- TOP PLAYERSOffensePABLO S. TORRE | August 20, 2012
- TAMPA BAY buccaneersENEMY lines WHAT A RIVAL COACH SAYSJune 28, 2012
- Faces in the CrowdJune 11, 2001
"He was never in day care. He stayed with me a lot. We played games constantly. I didn't care what it was, Go Fish, Sorry, Candy Land. All of it. I never let him win. I never let my own children win. I'm as competitive as they are. If they were going to win, they had to do it on their own. Johnny was around 10, and we were playing Krazy Bee Rummy when he said, 'I'm not playing anymore.' I said, 'That's fine if you want to quit because you're a bad loser, but let me give you this to think on. If you get up from this table and you quit, I will never play another game with you as long as you live.' So he sat down and he finished the game, and I'll be damned if he didn't win it."
—Pat Manziel, grandmother
"I taught him how to set the hook on a bass. When I did this, he started wanting to count fish. He was so competitive. If he beat me, everything was fine. But if I beat him, we'd get back to the house and he'd go in the bedroom and close the door. He couldn't stand it."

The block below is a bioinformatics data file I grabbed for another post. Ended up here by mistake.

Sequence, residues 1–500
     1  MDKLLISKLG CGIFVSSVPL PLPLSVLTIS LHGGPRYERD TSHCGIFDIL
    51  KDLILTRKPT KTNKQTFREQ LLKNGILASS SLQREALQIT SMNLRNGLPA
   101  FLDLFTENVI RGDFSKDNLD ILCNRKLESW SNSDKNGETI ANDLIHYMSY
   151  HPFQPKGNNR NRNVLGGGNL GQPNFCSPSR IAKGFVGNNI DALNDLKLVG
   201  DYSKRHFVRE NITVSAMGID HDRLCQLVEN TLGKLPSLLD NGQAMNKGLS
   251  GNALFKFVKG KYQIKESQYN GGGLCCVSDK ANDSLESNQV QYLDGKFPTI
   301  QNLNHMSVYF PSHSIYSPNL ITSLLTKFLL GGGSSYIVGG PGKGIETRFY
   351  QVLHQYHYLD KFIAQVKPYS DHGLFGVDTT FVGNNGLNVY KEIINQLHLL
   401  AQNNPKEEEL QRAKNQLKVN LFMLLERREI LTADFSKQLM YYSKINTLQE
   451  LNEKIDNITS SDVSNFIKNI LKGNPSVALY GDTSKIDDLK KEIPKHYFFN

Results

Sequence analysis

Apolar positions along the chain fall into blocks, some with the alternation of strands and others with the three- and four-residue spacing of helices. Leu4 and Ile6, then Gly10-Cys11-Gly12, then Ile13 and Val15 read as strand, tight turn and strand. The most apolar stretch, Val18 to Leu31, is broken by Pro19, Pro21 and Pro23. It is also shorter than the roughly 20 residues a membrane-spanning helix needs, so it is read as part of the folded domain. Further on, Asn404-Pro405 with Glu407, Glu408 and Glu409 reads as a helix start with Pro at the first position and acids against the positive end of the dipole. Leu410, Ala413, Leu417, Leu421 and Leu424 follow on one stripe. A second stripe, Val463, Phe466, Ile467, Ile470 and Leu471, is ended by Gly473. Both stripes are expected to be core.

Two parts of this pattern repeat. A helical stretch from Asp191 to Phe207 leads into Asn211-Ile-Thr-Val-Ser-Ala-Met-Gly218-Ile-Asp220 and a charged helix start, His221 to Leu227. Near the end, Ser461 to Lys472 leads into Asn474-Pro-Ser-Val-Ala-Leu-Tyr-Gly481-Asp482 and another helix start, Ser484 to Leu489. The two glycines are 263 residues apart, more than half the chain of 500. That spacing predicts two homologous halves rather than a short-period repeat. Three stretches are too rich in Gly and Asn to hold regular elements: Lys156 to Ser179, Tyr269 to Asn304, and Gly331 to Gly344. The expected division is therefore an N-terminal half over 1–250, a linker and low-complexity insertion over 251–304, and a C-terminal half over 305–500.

—Jerry Loggins, maternal grandfather
"He got in a groove his first year in coach-pitch and hit, like, 27 homers. They raised the fence on the leftfield line. And they were like, Well that's over with. No. He hit it over that.
"He was seven. I told him before the season started I'd give him $100 if he could knock a home run, because you don't think they're going to do it. He started jacking them. I got it down to $20 a pop before the year was up.
"People would say he can't do it at the next level—when he gets up there with the bigger boys and the bigger field, he can't knock it out. That's what we've heard his whole life. Then he'd go up to the next field and knock it out. Well, they'd say, when he gets to the big, big field, he'll never knock it out. They're already saying it: 'Enjoy your four years at Texas A&M, because you'll never be an NFL quarterback.' I just want to post when I read that: Really? Like I haven't heard that for 20 years?"
"He used to have the strongest arm you'd ever seen. He'd fire that ball—football or baseball. [His grandmother] said, 'Don't y'all be throwing the ball in the house.' Invariably, after she went to bed, we'd start throwing the ball. He wanted to see how hard he could throw it. He'd knock a lamp off, and here she'd come. It scared him to death. He'd run and hide behind the couch so she couldn't find him."